Flock’s latest research found that in order to avoid shipping partially empty, over half of TL shippers waited to ship until they filled an entire truckload. With LTL, you can avoid unnecessary delays and ship smaller loads when needed.
Efficient use of resources
Sharing space with other shipments reduces wasted, empty space. Plus, when you can ship smaller loads more frequently, you don’t need to stockpile products, ultimately reducing warehouse costs.
Comparing FTL and LTL shipping costs
There are many factors to consider when choosing between FTL and LTL and some of these factors can affect the cost of the shipping method you choose. One major advantage of LTL is its cheaper shipping rates. Though these cheap rates make LTL seem more cost-effective initially, it can be plagued with surprise fees such as accessorial fees, linear foot-caps, late fees, and damage fees.
Here are some questions to ask when determining which shipping method is most cost-effective:
- What is the size and weight of your freight?
- What is your budget?
- What type of freight are you shipping?
- What is your timeline and flexibility?
To further help you make an informed decision, here is a brief comparison table of FTL and LTL shipping costs.
In 2022, LTL shippers paid an average of $1,511 for each damaged shipment and average on-time-in-full [OTIF] fee per shipment of $477.
Potential drawbacks of LTL freight shipping
While LTL freight shipping may seem like a great way to save on shipping costs, there are still some drawbacks shippers should be aware of.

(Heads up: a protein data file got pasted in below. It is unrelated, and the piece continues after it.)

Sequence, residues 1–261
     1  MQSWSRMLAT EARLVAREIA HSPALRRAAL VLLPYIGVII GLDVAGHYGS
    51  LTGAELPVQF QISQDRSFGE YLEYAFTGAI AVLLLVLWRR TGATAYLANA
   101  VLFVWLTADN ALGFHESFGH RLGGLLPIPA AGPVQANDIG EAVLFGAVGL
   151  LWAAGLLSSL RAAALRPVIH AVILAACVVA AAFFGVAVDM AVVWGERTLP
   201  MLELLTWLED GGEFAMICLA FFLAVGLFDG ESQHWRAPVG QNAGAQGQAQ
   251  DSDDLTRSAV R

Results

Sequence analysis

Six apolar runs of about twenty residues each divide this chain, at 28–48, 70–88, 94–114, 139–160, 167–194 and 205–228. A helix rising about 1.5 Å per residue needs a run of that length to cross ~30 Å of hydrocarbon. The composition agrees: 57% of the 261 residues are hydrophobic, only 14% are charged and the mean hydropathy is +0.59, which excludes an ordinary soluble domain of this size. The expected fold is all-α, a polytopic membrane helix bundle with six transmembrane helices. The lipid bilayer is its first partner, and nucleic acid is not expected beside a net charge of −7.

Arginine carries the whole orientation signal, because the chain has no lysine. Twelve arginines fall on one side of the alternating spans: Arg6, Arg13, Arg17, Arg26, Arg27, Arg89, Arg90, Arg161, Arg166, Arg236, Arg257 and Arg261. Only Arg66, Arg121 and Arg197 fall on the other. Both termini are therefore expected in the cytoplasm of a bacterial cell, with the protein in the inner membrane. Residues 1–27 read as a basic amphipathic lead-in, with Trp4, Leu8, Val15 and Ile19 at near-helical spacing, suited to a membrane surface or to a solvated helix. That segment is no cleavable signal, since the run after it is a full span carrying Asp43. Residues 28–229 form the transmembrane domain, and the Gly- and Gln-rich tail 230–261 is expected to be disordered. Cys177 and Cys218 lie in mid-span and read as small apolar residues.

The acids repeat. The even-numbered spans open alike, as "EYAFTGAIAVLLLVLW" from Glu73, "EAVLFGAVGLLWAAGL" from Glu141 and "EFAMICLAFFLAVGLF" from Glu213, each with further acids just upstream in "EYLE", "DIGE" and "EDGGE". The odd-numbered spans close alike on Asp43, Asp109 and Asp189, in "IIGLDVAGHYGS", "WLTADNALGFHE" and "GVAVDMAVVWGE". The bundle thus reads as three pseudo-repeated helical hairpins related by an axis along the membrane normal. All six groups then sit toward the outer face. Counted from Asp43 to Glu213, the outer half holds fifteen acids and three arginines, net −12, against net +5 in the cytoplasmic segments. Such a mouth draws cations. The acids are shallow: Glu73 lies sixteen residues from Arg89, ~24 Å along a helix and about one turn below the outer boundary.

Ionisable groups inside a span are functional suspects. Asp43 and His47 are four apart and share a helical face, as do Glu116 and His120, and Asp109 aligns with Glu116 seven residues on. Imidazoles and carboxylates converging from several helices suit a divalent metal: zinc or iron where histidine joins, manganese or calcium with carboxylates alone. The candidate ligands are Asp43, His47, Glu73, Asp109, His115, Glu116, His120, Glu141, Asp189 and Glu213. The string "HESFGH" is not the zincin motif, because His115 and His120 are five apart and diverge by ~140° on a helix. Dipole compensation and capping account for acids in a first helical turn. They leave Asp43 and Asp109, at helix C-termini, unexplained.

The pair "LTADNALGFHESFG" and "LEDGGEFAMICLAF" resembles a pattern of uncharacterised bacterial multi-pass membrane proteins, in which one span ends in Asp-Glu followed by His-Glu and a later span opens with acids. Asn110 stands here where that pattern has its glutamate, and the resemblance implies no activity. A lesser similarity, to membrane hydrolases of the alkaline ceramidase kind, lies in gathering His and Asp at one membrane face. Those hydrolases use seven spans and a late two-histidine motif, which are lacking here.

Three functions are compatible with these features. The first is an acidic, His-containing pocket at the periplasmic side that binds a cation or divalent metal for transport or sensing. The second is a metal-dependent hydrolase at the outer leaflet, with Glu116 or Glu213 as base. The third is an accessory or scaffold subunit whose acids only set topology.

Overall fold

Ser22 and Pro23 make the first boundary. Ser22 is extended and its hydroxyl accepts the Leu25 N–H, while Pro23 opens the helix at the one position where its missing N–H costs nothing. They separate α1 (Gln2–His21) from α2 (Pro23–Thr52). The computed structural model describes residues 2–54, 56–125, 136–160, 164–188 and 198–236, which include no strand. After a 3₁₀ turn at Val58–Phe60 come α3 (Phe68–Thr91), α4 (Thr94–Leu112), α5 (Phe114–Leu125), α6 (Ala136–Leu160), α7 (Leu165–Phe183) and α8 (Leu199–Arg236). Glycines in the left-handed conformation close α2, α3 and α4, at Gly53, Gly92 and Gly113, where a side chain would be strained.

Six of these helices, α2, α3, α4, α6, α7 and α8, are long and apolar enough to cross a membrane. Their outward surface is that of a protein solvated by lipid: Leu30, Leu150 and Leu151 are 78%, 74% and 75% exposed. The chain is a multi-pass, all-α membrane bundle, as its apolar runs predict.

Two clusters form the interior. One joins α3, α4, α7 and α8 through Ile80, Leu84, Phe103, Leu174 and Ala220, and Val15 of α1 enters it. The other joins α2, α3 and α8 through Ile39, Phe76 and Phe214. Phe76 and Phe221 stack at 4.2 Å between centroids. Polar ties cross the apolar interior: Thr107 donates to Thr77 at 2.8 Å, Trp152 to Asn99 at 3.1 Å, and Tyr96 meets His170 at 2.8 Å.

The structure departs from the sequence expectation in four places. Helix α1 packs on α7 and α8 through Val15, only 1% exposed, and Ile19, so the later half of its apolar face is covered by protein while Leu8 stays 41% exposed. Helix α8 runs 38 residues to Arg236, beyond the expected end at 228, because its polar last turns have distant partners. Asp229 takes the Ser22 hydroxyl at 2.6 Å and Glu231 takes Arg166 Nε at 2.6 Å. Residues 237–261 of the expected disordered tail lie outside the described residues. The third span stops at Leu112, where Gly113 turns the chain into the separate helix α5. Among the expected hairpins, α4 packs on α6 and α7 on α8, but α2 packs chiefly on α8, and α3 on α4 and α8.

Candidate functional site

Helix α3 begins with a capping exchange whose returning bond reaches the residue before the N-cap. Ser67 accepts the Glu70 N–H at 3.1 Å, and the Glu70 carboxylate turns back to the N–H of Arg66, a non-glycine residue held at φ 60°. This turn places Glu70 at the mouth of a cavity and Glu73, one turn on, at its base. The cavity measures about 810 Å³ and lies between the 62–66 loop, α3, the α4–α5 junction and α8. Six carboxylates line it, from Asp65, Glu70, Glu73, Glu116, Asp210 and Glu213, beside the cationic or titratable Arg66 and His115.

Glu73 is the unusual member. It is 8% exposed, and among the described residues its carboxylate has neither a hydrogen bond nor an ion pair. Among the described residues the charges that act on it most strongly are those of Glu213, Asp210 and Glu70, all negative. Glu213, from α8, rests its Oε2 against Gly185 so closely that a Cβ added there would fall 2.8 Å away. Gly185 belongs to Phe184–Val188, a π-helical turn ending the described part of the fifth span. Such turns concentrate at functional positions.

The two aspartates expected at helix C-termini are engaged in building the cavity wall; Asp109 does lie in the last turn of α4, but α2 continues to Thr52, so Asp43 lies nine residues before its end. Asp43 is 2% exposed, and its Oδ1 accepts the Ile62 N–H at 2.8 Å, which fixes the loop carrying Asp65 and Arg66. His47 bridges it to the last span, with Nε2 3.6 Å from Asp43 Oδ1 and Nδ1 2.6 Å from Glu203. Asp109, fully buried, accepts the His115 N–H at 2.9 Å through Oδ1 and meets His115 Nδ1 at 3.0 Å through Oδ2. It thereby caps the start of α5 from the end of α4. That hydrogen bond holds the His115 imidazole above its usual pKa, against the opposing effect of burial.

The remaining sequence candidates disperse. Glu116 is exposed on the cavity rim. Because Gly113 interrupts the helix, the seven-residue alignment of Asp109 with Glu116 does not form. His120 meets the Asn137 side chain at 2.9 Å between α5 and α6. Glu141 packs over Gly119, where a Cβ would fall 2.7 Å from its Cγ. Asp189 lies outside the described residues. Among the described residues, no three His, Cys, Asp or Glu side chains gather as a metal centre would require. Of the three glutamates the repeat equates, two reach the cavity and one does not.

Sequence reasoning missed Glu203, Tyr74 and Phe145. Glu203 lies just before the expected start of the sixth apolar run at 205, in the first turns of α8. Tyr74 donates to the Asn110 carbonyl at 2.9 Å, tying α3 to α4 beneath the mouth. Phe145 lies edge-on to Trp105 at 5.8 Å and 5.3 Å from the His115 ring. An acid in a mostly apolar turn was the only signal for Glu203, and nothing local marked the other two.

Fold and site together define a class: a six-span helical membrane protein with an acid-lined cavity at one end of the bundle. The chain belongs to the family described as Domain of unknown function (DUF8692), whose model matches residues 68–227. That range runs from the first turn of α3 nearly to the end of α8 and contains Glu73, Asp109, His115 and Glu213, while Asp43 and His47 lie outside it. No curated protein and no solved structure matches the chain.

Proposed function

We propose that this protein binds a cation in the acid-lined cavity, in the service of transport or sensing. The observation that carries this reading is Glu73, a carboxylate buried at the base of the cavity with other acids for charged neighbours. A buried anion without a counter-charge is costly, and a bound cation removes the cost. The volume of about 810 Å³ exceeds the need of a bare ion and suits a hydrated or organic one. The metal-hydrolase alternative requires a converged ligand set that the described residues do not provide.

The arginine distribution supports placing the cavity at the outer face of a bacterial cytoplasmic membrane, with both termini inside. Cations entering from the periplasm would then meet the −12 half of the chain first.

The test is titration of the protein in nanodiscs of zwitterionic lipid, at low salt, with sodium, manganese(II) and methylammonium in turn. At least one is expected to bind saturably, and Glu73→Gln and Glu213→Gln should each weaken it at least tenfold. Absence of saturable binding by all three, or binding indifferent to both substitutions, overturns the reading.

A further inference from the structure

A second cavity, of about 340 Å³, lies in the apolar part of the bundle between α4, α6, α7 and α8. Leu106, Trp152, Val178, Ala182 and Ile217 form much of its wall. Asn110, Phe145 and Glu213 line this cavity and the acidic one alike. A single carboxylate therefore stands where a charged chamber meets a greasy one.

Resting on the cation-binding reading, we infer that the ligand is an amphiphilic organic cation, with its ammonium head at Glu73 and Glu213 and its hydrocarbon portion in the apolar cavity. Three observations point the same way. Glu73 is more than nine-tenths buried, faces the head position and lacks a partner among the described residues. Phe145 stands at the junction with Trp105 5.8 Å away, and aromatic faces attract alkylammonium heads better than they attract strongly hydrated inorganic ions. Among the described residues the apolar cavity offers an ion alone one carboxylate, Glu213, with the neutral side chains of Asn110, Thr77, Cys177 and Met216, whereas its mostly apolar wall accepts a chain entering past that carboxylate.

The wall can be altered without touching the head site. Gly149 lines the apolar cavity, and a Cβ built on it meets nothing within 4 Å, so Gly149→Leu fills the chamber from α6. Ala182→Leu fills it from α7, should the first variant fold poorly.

Longer transit times
LTL shipments typically require multiple stops and transfers before reaching the final destination. Because of this, pickup times occur in a broader window and the estimated delivery date may differ greatly from the actual delivery date. For example, a recent Flock study found that in 2022, 88% of LTL shipments experienced delays of 1-2 days.
Risk of damage
LTL shipping has the highest risk of damage due to excess handling during transloading at terminals. For example, in 2022, 86% of LTL shippers replaced/reshipped damaged freight. For this reason, if you have shipments that are delicate, expensive, or high-risk, LTL may not be cost-effective.
LTL shipping is plagued by surprise accessorial fees for freight class, weight, and pickup and drop-off destination codes. LTL carriers strive to be efficient, meaning shippers may additionally be charged for anything that causes a delay or disruption.
An alternate (and better) solution: Shared Truckload
Shared truckload (STL) shipping is a shipping mode that enables several shippers to share trailer space in one multi-stop full truckload. With STL, shipments that are traveling on a similar route move on the same truck.
STL freight travels directly from its pickup location to its destination — without passing through hubs or terminals — and isn’t handled during transit. Plus, you don’t have to meet any freight class requirements or a weight minimum.
Basically, when you ship STL, you get the advantages of FTL shipping without needing to fill or pay for an entire truck. This means less damage, faster delivery times, no accessorial fees, increased security, and overall cheaper rates.
STL is a great option if you have shipments in the 10-44 linear feet range that are too big for LTL but too small to fill a full truckload or want FTL service and benefits without the high rates.
Unlock cost-effective shipping with Flock Freight
No matter what shipping mode you choose, shipping with Flock Freight will maximize your cost savings and advantages of each shipping mode mentioned above. But if you want to cut costs by up to 20% compared to TL, ship 99.8% damage-free, deliver on-time 30% more often than LTL, and slash carbon emissions, shipping STL with Flock Freight is by far the best shipping option.
Join the Flock to start requesting quotes and saving on shipping costs.